Lipman, Pauline. (2002, Summer). Making the global city, making inequality: The political economy and cultural politics of Chicago school policy. American Educational Research Journal, 39 (2), 379-419.

Lukes, Steve. (1974).  Power: A Radical View.  New York: MacMillan.

Metropolitan Planning Council (1999).

Metropolitan Planning Council. (2001). Planning rental housing in the Chicago region: challenges and issues.

Padilla, Felix M. (1993). The quest for community: Puerto Ricans in Chicago.  In Joan Moore and Raquel Pinderhughes (Eds.), In the barrios: Latinos and the underclass debate. New York: Russell Sage Foundation.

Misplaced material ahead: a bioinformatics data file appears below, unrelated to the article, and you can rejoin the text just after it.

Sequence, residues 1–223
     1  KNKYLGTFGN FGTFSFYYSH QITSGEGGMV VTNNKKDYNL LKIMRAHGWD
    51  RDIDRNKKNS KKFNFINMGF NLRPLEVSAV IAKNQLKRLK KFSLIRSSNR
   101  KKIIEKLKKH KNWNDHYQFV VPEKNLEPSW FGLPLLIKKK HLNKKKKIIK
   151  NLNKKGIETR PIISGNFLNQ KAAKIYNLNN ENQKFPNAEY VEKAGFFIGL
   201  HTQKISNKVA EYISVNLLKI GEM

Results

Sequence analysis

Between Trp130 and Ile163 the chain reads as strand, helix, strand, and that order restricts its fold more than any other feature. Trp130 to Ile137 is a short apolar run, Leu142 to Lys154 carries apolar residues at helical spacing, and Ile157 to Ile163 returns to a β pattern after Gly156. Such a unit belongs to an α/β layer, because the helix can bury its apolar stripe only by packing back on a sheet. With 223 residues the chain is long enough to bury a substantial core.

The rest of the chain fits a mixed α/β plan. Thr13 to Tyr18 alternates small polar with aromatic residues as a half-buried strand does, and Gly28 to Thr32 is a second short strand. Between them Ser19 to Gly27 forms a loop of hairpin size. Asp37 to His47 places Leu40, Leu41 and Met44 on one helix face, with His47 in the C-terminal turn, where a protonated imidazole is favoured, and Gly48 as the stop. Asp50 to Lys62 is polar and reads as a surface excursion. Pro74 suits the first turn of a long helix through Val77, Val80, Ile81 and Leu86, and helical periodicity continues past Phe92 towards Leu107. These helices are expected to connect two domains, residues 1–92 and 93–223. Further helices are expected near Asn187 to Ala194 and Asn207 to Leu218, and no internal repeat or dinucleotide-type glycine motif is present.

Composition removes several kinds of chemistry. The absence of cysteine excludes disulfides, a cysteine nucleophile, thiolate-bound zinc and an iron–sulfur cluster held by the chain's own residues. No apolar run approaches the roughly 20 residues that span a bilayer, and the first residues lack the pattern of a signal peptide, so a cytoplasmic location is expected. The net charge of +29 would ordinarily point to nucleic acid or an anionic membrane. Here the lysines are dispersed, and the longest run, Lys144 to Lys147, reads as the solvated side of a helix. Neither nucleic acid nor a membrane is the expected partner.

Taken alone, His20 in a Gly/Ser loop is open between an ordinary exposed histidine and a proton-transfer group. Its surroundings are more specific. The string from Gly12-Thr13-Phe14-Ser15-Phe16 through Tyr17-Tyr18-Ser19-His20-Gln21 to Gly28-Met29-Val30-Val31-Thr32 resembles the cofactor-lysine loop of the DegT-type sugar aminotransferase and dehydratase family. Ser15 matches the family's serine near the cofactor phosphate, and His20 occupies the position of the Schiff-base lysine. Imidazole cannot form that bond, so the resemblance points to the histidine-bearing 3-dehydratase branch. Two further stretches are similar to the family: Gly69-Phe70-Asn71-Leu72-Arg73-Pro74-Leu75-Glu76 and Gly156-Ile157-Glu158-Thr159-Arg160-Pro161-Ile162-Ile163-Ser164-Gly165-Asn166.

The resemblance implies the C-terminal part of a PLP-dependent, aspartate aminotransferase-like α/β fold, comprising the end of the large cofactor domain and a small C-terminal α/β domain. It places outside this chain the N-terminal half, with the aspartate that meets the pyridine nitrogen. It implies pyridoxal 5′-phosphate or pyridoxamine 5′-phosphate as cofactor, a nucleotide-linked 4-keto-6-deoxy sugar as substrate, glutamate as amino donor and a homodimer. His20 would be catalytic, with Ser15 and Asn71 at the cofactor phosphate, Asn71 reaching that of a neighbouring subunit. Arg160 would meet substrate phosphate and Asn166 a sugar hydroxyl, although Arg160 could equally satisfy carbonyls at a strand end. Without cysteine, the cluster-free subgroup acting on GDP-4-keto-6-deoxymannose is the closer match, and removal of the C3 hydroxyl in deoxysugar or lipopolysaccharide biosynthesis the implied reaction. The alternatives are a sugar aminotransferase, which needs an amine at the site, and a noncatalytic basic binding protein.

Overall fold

Rast, Joel. (1999). Remaking Chicago: The political origins of urban industrial change.  DeKalb: Northern Illinois University Press.

Sassen, Saskia.  (1991).  The global city: New York, London, and Tokyo. Princeton, NJ: Princeton University Press. 

Shipps, D. (1997). Invisible hand: Big business and Chicago school reform. TeachersCollege Record, 99, 73-116.

Shirley, Dennis. (1997). Community organizing for urban school reform.  Austin: University of Texas Press.

Squires, Gregory D., Bennett, Larry, McCourt, Kathleen and Phillip Nyden.  (1987).  Chicago: Race, class, and the response to urban decline.  Philadelphia: Temple University Press. 

Stoecker, Randy.  (2002). Community development and community organizing: Apples and oranges?  Chicken and egg? Paper presented on COMM-ORG: The On-Line Conference on Community Organizing and Development.


[1] Throughout this report, all names used are pseudonyms with the exception of public officials and LSNA staff.